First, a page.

This is the time of year when hapuku and bass move into water of 100m or less from 300m or 400m and for fishermen it is a good opportunity to tick one of the toughest boxes in angling.
For these deep-water monsters are not easily encountered. In pre-European times you could probably catch a hapuku not far from Rangitoto Island but relentless pressure from market fishing and, to a far lesser degree, sporting anglers, has decimated inshore populations and today these magnificent creatures are regarded as inhabitants of extreme depths. It is simply because they are so slow growing, and that it could take 50 years to replace a population even if no fishing were involved.
Scientists tell us that hapuku grow at roughly half a kilo a year, so a 60kg specimen is an old man of the sea. The only places you can catch groper, as they are called in southern climes, in shallow water is in Fiordland and at the Chatham Islands where schoolies of 15kg can still be found in 10m to 15m.
Deep-sea bass and are even harder to find around the coast with most populations living off the edge of the continental shelf. They not only grow much larger than hapuku, but are better table fish with sweet, white flesh.
The recognised destinations for hooking 'puka and bass are the deep reefs in the outer Bay of Plenty, the Kaipara Trench and the Mokau Trench which lie about 90km off the west coast, the Ranfurly Banks off East Cape and the reef systems off the Three Kings Islands in the far north.
So when a party of eight keen anglers who enjoy the plumbing industry as a common denominator boarded the charter vessel Enchanter at Mangonui a fortnight ago they were full of anticipation. Their fishing dreams were tempered with a certain trepidation as the weather and the sea are rarely benign when the vessel is sitting over a vast reef 30km out from the Three Kings, themselves 150km from Mangonui.
This is big water and it yields big fish. You have to use heavy tackle to stop a huge bass from breaking your line on the rocks, and 100kg braid line is standard. Traces are made from 200kg monofilament with size 16 circle hooks and two sinkers each weighing 32oz taped together.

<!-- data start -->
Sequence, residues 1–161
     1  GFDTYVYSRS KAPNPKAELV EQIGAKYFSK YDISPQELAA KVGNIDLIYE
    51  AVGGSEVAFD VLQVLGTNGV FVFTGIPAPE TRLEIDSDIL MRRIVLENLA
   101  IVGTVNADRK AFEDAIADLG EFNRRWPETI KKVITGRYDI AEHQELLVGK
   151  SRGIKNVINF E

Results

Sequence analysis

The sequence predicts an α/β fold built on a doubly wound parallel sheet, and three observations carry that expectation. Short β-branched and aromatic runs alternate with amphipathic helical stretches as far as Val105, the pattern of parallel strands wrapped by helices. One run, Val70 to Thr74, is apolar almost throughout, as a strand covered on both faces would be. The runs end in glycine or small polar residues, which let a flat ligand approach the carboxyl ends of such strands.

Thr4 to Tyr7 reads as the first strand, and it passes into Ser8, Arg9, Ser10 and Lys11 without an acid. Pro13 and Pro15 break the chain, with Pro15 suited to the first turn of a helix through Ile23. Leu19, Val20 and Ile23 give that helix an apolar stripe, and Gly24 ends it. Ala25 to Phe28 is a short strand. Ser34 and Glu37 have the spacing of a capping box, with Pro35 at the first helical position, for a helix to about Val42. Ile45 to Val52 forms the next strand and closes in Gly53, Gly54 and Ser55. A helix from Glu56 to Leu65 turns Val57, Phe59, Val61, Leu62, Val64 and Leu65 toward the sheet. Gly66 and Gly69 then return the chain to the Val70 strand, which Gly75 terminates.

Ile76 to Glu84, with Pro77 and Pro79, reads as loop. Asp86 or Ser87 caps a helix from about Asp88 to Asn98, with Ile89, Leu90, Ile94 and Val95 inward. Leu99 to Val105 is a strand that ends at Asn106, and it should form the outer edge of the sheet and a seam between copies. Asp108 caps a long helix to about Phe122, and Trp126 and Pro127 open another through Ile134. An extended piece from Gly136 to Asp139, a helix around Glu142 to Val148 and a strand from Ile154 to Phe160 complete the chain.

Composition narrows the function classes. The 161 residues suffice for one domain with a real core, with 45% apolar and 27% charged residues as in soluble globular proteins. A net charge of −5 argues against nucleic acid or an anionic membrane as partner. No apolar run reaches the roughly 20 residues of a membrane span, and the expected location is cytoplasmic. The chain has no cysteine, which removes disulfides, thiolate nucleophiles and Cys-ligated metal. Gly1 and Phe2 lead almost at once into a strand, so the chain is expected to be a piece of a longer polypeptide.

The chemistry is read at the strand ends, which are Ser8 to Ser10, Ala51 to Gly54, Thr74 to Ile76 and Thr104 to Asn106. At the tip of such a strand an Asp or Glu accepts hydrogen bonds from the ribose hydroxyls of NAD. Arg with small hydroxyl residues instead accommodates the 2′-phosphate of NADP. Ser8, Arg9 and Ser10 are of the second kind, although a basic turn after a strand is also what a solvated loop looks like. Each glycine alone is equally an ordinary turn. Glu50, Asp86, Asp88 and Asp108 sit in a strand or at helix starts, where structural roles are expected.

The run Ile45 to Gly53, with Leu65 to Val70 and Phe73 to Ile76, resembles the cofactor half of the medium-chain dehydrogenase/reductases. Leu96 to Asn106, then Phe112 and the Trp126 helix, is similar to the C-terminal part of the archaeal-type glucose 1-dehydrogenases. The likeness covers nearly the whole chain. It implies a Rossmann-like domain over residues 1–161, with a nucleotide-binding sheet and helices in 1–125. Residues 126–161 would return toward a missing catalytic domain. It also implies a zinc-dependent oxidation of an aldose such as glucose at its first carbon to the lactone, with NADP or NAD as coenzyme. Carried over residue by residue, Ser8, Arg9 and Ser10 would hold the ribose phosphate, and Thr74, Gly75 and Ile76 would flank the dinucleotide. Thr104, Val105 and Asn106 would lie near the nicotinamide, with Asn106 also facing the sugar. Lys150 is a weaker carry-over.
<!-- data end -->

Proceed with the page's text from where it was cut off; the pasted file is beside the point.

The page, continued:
When a big fish bites the angler must wait until the rod bends before winding and striking, then it becomes an arm-wrestle to lift the powerful fish up for the first 10m before settling in to a smooth, steady rhythm. The barrel-bodied 'puka and bass float up for the last few metres, and the crew watch as the angle of the line rises in the blue water before shouting "Thar she blows!" as the fish wallows on the surface.
For John Snow, Daniel 'Diesel' Robin, Leighton Johnston, Chris O'Sullivan, John Bebbington and Murray and Clayton Knowles this was a week of firsts, of personal bests. Kingfish of 41kg, 'puka of 41kg and bass of 50kg topped the honours, and everybody took home a chillybin of sweet fillets.
The charter operators who work these offshore grounds apply their own voluntary code of ethics. They ignore limit bags which allow anglers to take up to five hapuku or bass a day, limiting their customers' catch to one big fish and a couple of small "eaters" for the five-day excursion. They know that these old creatures are difficult to replace and they treat them with reverence and respect.
Fresh water: Spawning runs in the Rotorua lakes have been triggered by the rain and cold snap. The fish trap on the Te Wairoa Stream at Lake Tarawera has been recording up to 20 fish a night, while only 40 trout went through the trap in the whole month of April.
Bite times: Bite times are 6.20am and 6.45pm today, and tomorrow at 7.10am and 7.30pm. These are based on the moon phase and position, not tides, so apply to the whole country.
Tip of the week: When fishing for hapuku be mindful of the life cycle of the fish and think of the future, taking only enough for immediate needs.
More fishing action can be found on Rheem Outdoors with Geoff, 6.30am Saturdays, TV3.